Could Derek Jeter cost the Yankees a playoff spot?
Derek Jeter has hurt the Yankees more than he has helped them this season.
As of Wednesday, the retiring Yankees shortstop has been worth -0.2 wins above replacement (WAR) on the year, per Fangraphs, playing his typically miserable defense while also posting the worst offensive numbers of his career. His on-base percentage is a tick lower than his career batting average. Among qualified shortstops, he's been third-worst at the plate in all of baseball this year, ahead of only a light-hitting 24-year-old still adjusting to the bigs and a glove-first no-name approaching his 30s.
Still, given his deified status in New York as the very personification of pinstripes, Jeter continues to start at short and bat second almost every day. (No other player has more than 30 at-bats from the two spot in the order.)
Meanwhile, the Yankees are five games out from the second wild card slot. Given those slim-but-alive hopes of a postseason berth, Jeter's glaring struggles have prompted many to question whether The Captain should be moved down in the order — or benched altogether. It has even led to charges that the Yankees are basically tanking the season to give Jeter the "farewell tour" of manager Joe Girardi's nightmares.
Now, I'm no die-hard Derek Jeter fan. While historically a great hitter, he has undoubtedly been a black hole in the Yankees' lineup all year. But if the Yankees do indeed miss the playoffs, Jeter won't be solely to blame.
Though it's tempting to think the Yankees would be better off with Jeter riding the pine, they have no better in-house option. While Jeter has been horrendous, the team's other shortstops have somehow been far worse, with none batting better than .213. Stephen Drew, acquired mid-season as insurance at short and to fill a void at second, has been 60 percent worse than league average per wRC+, a comprehensive measure of offensive output, weighted against the rest of the league.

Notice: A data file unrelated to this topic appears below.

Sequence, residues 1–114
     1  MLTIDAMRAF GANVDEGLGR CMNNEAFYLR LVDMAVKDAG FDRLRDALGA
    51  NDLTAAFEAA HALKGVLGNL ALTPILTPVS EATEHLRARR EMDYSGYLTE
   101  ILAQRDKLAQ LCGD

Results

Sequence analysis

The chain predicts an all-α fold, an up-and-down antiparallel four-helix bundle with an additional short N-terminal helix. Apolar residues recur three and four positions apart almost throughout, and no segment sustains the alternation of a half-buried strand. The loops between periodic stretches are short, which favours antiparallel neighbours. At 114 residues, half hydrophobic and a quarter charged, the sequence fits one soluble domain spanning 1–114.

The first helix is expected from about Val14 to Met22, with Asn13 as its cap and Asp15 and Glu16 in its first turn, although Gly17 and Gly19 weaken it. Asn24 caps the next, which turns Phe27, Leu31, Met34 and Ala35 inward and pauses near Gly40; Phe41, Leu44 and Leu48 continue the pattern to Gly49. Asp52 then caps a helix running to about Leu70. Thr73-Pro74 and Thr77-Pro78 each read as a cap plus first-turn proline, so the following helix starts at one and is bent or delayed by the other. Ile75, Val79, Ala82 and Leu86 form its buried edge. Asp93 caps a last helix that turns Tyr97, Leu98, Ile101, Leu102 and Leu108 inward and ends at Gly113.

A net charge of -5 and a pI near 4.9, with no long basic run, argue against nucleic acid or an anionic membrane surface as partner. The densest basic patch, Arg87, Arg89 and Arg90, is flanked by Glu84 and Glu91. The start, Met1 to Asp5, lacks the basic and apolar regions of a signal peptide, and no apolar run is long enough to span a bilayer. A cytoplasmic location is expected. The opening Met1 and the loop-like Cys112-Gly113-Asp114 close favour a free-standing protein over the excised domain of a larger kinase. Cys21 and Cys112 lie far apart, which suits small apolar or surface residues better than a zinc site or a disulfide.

The Yankees have also been woeful elsewhere around the diamond. Among the team's three splashy position player signings last offseason — Jacoby Ellsbury, Carlos Beltran, and Brian McCann — only Ellsbury has been better than league average with the bat. McCann, signed to a six-year, $85 million deal, has been especially terrible, ranking 27th among all backstops to receive at least 200 plate appearances this year.
As a whole, the team has scored the second-fewest runs in the American League, ahead of only the last-place Red Sox. Dropping Jeter way down in the batting order would help the Yankees string together a more potent punch at the top, but they'd still be stuck with plenty of dead weight at the bottom.
Then there are the injuries, which decimated an already creaky lineup. By July, four-fifths of the team's starting rotation was on the DL. CC Sabathia and Ivan Nova managed 12 starts between them before surgeries ended their seasons. Staff ace Masahiro Tanaka was pitching like a Cy Young candidate when he went down in early July with an elbow injury.
The rotation has actually performed alright in the absence of those big names — it ranks 14th in baseball in fielding independent pitching — but it would undoubtedly be stronger at full health.
And of course, the Yankees are without a certain All-Star second baseman whom they let walk over the winter when his asking price got too high for even their liking. Robinson Cano has been worth 5.2 wins to the Mariners this year; Yankees second baseman have been worth -0.1 wins combined. And remember, the Yankees are only five games out of a playoff spot.
Of course, simply adding Cano back to the picture doesn't mean the Yankees would automatically have five more wins. But his departure left them with a gaping hole they've been unable to fill.
So no, keeping the fans — and Jeter's ego — sated won't help the team win more games, but it alone won't doom them to another early vacation. That's been a full-team effort, and Jeter has been its flailing captain.